The Georgia Republican Party chose black candidates to run for the abbreviated terms, reserving the full term for white candidates. In the state’s central district, the party nominated Long for the 41st Congress and state senator Thomas Jefferson Speer for the 42nd Congress. The night before the election, Long gave a series of speeches across the district, encouraging black voters to support the Republican ticket. The following day, he rallied a large number of blacks from Macon and marched with them to the polls. Armed whites were waiting, and a riot broke out. Long was unharmed, but four others were killed, and most blacks left the polls without voting.
The unusual election lasted three days. White politicians accused blacks of voting multiple times and spread rumors that African Americans from South Carolina and Alabama had crossed state lines to vote. But despite the election’s inconsistencies, Long defeated his opponent, Democrat Winburn J. Lawton, garnering 12,867 votes (53 percent). However, he was not sworn in until January 16, 1871, because of complications related to Georgia’s readmission to the Union. Long took his seat one month after Representative Joseph Rainey of South Carolina was seated, the first African American in the House.
Long’s term was so short that he was not assigned to any committees, yet he was determined to fight for the civil rights of freed slaves. On February 1, 1871, he became the first African-American Representative to speak before the House when he disagreed with a bill that exempted former Confederate politicians from swearing allegiance to the Constitution. Long argued against allowing unrepentant Confederates to return to Congress, noting that many belonged to secret societies like the Ku Klux Klan, which intimidated black citizens, and feigned loyalty to rebuild political strength. “If this House removes the disabilities of disloyal men,” Long warned, “I venture to prophesy you will again have trouble from the very same men who gave you trouble before.”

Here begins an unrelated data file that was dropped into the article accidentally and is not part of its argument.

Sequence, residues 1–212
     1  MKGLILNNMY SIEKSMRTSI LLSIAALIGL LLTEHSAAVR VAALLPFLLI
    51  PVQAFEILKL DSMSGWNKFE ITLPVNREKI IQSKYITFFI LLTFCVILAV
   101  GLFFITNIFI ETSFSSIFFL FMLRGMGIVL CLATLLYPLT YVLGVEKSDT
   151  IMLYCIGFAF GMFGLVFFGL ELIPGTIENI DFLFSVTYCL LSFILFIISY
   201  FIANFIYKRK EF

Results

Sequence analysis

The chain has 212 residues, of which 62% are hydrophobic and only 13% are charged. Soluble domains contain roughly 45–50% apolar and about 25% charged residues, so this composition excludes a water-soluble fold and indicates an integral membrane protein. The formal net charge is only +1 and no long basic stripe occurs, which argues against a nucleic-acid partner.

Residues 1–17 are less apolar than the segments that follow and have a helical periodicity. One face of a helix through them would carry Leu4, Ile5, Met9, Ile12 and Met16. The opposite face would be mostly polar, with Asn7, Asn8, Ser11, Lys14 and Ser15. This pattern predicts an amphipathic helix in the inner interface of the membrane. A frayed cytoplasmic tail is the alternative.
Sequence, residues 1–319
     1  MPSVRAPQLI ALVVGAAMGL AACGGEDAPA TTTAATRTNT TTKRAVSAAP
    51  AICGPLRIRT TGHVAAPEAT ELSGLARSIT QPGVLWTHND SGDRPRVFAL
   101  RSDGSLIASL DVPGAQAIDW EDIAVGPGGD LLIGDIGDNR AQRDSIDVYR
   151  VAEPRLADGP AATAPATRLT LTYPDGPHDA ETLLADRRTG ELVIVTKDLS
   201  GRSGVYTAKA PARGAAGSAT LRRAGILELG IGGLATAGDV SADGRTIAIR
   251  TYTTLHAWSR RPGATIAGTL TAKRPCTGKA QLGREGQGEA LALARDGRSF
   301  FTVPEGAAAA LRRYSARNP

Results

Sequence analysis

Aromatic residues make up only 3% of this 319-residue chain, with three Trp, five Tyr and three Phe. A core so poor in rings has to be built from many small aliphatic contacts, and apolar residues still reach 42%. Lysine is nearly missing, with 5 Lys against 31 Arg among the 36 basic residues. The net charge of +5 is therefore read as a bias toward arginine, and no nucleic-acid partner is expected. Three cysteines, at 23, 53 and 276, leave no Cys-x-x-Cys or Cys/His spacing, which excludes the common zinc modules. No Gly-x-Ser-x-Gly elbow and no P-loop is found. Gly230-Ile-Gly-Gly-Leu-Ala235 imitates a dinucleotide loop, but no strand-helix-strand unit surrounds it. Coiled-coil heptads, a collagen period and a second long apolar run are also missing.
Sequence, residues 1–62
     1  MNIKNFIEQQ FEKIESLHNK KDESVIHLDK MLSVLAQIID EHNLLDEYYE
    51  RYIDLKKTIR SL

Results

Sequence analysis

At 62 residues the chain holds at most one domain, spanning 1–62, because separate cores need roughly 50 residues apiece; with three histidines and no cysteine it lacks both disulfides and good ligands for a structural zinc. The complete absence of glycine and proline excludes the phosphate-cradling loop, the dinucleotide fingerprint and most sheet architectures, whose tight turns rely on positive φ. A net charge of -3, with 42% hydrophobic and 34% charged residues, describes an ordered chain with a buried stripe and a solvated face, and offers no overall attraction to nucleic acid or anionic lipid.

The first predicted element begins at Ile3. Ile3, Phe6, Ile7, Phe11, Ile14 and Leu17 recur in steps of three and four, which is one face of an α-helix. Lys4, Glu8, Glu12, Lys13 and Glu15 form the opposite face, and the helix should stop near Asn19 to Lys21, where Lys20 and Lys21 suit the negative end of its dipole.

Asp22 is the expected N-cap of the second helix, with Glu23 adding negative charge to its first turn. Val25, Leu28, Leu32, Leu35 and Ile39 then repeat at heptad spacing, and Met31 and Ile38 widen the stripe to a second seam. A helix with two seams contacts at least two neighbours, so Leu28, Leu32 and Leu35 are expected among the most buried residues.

Many major newspapers reported on Long’s address, and northern newspapers, especially, commended his oratorical skills. Georgia newspapers described his speech as a malicious attempt to disfranchise whites. Long’s efforts were fruitless; the House voted 118 to 90 to grant Confederates amnesty.
One of the few votes Long cast in the House was to seat Thomas P. Beard, a black Republican from northeast Georgia, after his defeat by Democrat Stephen Corker. Radical Republicans, Long among them, objected to seating Corker when he presented his credentials on January 24, 1871. Beard claimed that his election against Corker equaled Long’s for its violence, testifying that large numbers of voters who had intended to vote for him were “shot, beat or otherwise maltreated” by “organized bands of desperados” connected to the Democrats. The resolution objecting to Corker’s credentials was defeated 148-42, and Corker served out the term.
Long was the last black representative elected from Georgia for the next 101 years, until Rep. Andrew Young won a seat in 1972. After leaving Congress on March 3, 1871, Long returned to his tailoring business in Macon. Although he remained active in politics, he never again ran for public office. As Reconstruction ended and the freedoms he had fought so hard for began to dwindle, he recognized that white control in Georgia had shut blacks out of politics. He campaigned for Republican candidates, addressing a gathering of freedmen and women in Macon on Election Day, 1872. The freedmen then marched to the polls. A riot broke out when armed whites attacked the group. Four freedmen were killed and most black voters in Macon did not get to cast their ballots that day.
Long served as a member of the Southern Republican Convention in 1874 and as a delegate to the Republican National Conventions from 1872-80. Sharp racial division in all the political parties had so disillusioned Long by the mid-1880s that he left politics permanently to focus on business affairs until his death in Macon on February 4, 1901. He was interred in Lynwood Cemetery.